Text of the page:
This bodice from our Study Collection is something of a puzzle. Though its silhouette concurs with the mid-1910s, the embellishment is somewhat idiosyncratic, suggesting that the wearer had a very specific sartorial vision. Consisting of an open-front bodice worn over a natural linen dickey, it features the rounded “pouter pigeon” bust popular during the first decade of the twentieth century. If worn with a matched skirt that fitted smoothly over the hips, the wearer would have achieved the fashionable S-bend silhouette. Characterized by a rounded, forward leaning torso with hips pushed back, the S-bend dominated fashion from 1900 to about 1910.
Because of its tall, stock collar we know this is a day bodice; respectable women covered their neck during the day, though evening gowns often revealed an expanse of neck and shoulders, accompanied by a hint of décolletage. The modest collar is accessorized with three detachable ovals of matching linen. Here, we’ve styled them to create a cascading stock collar. According to a period fashion editorial, “ The woman who insists upon the tidy and trim high neck dressing for street wear will find plenty of dainty styles ready for her selection," including collars made from embroidered lawn, linen, net, Irish lace, and crochet.1
The sleeves are intriguing and unusual. Sleeves dating from this period often feature a billowing bishop sleeve confined by a cuff. Instead, these sleeves feature two half-circles bisected by a band of fagoting. Dangling net-covered balls decorate the sleeves and bodice front. Rows of tucks and fagoting embellish and shape the shoulder and upper sleeve. Fagoting, a type of openwork stitch used to create a decorative seam, was just one of many decorative needlework techniques applied to garments during this period. Here, fagoting on the outer bodice is complemented by diamond patterned openwork and crocheted trim on the dickey.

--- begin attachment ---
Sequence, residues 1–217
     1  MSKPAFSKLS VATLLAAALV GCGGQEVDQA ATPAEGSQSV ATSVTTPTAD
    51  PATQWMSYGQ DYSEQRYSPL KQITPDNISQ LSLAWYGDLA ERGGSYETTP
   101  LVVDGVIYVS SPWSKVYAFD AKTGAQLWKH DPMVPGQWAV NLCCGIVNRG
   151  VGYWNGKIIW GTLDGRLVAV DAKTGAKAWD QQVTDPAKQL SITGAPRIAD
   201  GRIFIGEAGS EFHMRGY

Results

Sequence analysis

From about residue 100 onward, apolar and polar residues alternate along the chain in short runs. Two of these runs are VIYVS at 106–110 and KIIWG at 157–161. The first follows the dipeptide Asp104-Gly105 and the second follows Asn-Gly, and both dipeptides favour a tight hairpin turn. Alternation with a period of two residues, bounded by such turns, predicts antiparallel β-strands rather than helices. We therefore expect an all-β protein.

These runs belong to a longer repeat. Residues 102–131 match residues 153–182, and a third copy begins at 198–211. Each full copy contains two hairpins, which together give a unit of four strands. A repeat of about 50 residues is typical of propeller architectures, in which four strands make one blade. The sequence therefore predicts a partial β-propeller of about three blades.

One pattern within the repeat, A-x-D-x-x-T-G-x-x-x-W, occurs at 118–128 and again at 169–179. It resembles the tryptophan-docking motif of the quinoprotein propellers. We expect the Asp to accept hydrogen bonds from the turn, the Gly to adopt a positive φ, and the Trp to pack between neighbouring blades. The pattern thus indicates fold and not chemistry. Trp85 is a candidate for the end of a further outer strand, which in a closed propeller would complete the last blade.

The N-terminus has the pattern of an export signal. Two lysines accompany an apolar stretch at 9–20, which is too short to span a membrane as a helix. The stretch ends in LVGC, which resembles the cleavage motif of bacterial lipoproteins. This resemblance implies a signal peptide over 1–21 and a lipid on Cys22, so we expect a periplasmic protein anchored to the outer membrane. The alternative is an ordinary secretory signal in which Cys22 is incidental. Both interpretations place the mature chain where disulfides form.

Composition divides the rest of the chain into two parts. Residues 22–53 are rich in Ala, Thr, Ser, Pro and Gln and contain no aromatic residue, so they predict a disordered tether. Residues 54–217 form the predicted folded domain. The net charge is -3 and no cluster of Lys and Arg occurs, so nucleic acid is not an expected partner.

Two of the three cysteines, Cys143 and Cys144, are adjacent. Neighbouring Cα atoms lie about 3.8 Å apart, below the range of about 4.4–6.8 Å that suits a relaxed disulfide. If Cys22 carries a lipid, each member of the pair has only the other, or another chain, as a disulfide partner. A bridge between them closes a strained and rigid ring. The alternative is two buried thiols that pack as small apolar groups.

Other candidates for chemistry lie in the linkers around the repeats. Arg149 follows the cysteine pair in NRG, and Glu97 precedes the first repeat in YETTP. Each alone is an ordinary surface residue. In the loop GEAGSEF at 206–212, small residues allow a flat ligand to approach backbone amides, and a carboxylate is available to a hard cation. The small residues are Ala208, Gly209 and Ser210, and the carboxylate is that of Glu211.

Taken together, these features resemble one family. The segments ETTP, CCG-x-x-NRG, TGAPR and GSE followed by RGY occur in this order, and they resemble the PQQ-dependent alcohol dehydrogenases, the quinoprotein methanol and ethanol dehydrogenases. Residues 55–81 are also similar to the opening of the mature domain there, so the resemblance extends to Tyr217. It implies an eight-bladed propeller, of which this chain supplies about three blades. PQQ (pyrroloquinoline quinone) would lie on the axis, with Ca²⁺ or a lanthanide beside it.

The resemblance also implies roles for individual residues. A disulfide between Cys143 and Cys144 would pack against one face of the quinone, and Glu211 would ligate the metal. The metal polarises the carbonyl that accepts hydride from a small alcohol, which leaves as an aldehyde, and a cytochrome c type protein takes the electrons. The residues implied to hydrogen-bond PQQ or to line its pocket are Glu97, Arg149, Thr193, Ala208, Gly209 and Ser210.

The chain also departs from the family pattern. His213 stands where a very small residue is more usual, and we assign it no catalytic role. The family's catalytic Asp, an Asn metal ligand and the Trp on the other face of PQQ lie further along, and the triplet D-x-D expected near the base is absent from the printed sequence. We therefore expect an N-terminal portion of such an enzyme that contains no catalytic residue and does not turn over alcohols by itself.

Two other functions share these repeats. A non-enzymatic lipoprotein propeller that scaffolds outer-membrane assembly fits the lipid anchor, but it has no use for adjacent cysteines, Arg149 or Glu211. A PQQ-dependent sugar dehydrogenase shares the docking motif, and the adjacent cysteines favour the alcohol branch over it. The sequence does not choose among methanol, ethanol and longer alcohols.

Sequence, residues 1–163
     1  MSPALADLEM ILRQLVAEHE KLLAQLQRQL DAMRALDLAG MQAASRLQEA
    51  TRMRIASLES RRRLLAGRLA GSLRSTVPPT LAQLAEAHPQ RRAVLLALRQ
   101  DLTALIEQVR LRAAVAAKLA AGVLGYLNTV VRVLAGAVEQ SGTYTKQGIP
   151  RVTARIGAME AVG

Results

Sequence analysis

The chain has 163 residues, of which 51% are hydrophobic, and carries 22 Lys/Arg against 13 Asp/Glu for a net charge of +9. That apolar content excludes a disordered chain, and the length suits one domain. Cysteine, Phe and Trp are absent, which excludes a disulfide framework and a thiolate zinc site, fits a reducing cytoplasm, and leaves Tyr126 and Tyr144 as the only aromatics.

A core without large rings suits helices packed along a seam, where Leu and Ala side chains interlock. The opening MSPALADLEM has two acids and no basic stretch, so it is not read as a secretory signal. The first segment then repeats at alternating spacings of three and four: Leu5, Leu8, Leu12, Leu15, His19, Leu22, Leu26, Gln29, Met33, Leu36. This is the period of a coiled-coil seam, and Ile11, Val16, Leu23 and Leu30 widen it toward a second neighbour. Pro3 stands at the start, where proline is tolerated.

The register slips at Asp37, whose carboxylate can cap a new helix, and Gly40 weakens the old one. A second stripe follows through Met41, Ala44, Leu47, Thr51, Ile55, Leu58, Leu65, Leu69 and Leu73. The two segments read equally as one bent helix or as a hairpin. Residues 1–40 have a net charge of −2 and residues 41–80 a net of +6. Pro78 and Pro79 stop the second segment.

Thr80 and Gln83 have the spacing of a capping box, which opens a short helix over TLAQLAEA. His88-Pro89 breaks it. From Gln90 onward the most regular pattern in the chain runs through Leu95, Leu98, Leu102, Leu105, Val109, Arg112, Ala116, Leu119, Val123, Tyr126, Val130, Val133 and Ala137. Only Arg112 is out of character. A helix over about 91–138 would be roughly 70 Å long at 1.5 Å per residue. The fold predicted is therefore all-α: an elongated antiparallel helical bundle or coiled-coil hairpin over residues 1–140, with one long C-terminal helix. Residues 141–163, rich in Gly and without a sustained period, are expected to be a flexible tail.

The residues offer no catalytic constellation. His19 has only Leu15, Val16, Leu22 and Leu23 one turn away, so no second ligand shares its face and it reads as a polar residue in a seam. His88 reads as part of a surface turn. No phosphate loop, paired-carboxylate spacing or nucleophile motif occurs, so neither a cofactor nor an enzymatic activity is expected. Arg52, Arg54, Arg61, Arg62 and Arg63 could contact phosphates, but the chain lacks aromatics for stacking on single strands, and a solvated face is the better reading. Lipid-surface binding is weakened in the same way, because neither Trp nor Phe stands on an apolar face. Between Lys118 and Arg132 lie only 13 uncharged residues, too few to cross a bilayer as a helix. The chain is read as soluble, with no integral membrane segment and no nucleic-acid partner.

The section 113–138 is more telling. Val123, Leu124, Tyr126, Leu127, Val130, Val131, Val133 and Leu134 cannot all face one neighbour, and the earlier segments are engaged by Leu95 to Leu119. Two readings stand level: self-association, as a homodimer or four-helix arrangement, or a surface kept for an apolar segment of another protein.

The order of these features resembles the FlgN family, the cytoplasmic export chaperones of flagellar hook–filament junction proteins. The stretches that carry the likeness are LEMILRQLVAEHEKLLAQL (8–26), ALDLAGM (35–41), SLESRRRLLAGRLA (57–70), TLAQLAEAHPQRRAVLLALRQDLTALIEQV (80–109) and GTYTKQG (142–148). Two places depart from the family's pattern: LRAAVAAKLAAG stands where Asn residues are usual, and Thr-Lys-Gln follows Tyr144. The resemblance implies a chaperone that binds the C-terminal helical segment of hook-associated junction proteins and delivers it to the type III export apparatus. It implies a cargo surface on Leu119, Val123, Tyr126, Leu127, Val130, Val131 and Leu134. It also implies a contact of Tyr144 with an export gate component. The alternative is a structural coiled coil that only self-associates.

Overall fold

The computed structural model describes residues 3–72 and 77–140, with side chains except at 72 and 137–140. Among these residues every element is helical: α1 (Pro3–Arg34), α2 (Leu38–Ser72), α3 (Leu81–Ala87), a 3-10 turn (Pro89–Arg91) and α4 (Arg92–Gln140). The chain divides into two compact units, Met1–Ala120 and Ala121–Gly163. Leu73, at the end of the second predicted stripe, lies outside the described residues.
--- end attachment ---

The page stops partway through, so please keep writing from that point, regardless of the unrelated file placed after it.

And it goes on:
Nestled in the trapunto embroidery decorating each side of the bodice front are small mirrorwork accents. Mirrorwork, or shisha embroidery, consists of small pieces of mirror anchored to fabric with decorative embroidery stitches. The technique probably originated in the region now encompassed by Western India, Pakistan and Afghanistan and may have originated as a way to imitate costly cloth of gold or silver textiles. Specific designs vary depending on the area of origin, often consisting of geometric motifs. In some regions, the small bits of mirror are believed to counteract the evil eye. Here’s hoping that the tiny bit of mirrorwork on this bodice protected the wearer from the evil eye!
Though this bodice was donated without any information on the maker or wearer, the decorative scheme suggests an interest in non-western cultures. Were the unusual decorative details solely the work of an inspired seamstress, or were they influenced by the interests (and travels?) of the wearer? Was this a one-of-a-kind bodice, or are there similar examples out there? We’ll keep looking, but let us know if you see something similar!
1 "Pretty Neckwear for Trim Spring Suits." San Francisco Chronicle. (4 Apr. 1909) 8.